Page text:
The JamBody Talk, and it doesn’t leave much to the imagination, does it?” Oi! Watch it, Skinner, I’ve already done that joke. From the shiny, sensual purrings of Imagination we move incongruously to a rather dim, grimy video for The Jam’s latest hit (“expensively filmed in Surrey,” sneers Skinner) which has crashed into the chart at number 4 despite being staunchly uncommercial and one of the band’s least well remembered hits. For some reason Weller and friends have set up their equipment in a forest at dusk and started playing to no-one in particular; this footage is intercut with shots of some other randoms wandering around with flaming torches and stock footage of people throwing books on a bonfire. The compliance department completely misses both instances of the phrase “pissing themselves laughing” in the lyrics, but in all fairness nobody’s really listening that hard and even the Daily Mail didn’t notice. Funeral Pyre spent two weeks at number 4 before plummeting; thankfully we cut away from the video and back to the studio before Rick Buckler is burned in a wicker man.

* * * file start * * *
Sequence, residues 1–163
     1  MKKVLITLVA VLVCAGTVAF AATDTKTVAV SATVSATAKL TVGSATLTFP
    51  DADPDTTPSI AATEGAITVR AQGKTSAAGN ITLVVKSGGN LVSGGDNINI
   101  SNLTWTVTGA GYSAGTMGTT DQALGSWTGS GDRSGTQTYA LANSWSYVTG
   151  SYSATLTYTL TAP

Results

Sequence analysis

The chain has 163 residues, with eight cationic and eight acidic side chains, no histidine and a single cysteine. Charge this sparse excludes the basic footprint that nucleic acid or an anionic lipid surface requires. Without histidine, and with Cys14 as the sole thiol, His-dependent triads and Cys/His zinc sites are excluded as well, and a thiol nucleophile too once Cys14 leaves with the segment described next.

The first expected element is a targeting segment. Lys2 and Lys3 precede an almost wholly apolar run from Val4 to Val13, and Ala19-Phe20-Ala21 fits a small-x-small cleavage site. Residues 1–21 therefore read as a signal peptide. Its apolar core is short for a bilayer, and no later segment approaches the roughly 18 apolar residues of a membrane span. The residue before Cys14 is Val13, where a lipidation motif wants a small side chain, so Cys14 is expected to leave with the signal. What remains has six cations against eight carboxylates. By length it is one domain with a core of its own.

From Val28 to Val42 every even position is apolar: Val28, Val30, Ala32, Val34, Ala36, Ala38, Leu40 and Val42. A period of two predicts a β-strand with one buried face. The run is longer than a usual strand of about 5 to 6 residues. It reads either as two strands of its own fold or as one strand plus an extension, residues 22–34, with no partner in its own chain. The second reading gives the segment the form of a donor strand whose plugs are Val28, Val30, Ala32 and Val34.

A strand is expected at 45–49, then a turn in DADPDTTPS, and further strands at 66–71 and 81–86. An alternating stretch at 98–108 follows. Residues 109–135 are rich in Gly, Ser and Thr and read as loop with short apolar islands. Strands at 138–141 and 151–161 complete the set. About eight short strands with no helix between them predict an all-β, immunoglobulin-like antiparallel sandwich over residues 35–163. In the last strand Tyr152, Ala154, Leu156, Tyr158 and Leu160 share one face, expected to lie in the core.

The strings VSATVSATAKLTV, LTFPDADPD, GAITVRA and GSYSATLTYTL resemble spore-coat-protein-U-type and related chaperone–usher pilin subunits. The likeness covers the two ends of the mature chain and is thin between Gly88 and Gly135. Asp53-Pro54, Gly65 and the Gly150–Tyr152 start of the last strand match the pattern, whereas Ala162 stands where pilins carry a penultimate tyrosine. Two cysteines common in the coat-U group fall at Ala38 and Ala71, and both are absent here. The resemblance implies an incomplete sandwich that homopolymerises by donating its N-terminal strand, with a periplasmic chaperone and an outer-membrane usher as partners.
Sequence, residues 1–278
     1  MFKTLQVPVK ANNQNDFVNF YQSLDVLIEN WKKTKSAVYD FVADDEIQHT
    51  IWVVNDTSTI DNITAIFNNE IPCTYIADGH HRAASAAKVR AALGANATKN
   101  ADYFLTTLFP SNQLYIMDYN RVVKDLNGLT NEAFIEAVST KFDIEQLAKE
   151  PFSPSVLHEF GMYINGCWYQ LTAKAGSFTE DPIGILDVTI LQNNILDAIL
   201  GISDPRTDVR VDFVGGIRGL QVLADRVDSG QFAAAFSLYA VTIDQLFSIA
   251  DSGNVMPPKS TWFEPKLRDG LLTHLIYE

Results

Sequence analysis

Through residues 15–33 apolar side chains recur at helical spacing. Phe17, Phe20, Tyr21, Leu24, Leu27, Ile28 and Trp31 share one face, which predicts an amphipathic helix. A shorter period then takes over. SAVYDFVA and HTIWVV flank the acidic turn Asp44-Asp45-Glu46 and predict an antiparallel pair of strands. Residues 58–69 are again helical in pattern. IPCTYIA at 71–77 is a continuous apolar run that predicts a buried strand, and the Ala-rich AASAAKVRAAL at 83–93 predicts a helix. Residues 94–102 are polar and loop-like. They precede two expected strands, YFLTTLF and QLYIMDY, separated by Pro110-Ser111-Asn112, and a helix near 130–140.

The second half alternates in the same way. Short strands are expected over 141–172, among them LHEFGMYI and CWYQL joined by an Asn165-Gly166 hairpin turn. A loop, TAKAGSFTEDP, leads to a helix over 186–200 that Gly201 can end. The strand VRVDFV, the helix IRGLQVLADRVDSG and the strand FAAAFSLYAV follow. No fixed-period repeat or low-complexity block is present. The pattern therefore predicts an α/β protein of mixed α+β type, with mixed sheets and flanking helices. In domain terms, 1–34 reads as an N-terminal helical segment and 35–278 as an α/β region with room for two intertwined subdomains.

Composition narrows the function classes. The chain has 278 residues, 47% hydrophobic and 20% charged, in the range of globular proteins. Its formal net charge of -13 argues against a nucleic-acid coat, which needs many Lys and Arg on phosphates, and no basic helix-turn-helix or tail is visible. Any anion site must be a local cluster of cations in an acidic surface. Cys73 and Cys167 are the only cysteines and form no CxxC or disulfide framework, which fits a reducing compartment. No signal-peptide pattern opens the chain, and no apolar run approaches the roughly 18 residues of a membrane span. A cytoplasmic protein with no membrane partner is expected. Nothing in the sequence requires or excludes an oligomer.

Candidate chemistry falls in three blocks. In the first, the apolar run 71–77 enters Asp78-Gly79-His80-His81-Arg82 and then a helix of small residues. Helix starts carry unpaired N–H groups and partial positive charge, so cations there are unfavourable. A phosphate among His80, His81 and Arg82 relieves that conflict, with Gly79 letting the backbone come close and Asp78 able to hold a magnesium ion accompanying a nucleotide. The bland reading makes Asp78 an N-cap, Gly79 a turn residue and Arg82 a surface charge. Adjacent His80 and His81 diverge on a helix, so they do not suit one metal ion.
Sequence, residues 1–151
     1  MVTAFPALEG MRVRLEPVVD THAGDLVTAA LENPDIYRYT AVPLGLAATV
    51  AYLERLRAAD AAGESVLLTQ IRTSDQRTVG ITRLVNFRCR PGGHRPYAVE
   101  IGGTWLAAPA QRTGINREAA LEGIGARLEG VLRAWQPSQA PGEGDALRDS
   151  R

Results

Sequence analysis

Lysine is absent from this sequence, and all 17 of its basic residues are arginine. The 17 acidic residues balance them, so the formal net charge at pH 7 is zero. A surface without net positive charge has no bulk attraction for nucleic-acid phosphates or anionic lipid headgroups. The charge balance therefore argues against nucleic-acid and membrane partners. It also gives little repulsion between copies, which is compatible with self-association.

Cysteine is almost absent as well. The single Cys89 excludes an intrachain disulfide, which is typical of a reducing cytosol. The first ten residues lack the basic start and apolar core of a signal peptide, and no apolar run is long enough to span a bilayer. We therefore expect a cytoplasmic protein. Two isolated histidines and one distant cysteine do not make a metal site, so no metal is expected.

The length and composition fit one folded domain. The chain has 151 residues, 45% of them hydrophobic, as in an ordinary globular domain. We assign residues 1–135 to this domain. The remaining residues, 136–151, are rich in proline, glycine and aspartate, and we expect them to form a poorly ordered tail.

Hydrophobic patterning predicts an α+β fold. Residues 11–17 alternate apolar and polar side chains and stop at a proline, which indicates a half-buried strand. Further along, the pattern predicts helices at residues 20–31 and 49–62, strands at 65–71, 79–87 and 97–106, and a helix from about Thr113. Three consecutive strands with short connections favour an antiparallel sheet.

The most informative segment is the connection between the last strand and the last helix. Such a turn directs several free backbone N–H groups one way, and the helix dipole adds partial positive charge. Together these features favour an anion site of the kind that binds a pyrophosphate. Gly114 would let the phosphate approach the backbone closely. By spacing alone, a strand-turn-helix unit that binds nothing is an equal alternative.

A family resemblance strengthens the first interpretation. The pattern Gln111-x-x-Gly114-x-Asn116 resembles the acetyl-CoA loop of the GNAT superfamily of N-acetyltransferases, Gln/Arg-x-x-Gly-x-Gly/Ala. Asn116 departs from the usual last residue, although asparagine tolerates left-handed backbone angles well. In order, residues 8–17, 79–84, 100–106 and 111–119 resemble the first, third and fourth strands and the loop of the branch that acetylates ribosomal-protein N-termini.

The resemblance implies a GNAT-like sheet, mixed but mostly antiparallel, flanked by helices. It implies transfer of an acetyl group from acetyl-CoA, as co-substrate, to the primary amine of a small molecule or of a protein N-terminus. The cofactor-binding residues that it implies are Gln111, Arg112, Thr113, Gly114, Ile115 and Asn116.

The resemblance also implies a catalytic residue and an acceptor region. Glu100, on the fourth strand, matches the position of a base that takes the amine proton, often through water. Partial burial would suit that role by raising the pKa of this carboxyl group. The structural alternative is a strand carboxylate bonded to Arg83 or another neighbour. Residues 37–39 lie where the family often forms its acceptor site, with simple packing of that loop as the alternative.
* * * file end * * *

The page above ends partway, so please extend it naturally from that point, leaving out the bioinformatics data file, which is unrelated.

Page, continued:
MICHAEL JACKSON – One Day In Your Life (#12)

Legs & Co“I think it’s fair to say The Jam are really setting the charts on fire with that!” No. No, Richard, it isn’t. A bit of decorum now as, having sat back and watched their former charge score a brace of hits on another label, the Motown bigwigs unleash their secret weapon: a Michael Jackson song that had previously failed to chart in 1975. What? How can this compete with the unstoppable might of Off The Wall? Well, mainly by being even more emotionally charged than Michael’s previous hit She’s Out Of My Life. Whereas that Michael was resigned to an irreconcilable breakup, this younger Michael still retains a naïve hope that the object of his affections will eventually realise what a terrible mistake she’s made and come back to him. Quite how this wasn’t a hit first time around remains a mystery but justice was eventually served and One Day In Your Life would deservedly become Jackson’s first solo number one single in the UK; even Limbs & Co in dresses made out of recycled plastic bottles and apparently dancing to a completely different song around a mock-up of Stonehenge can’t mess this up.

TOYAH – I Want To Be Free (#8)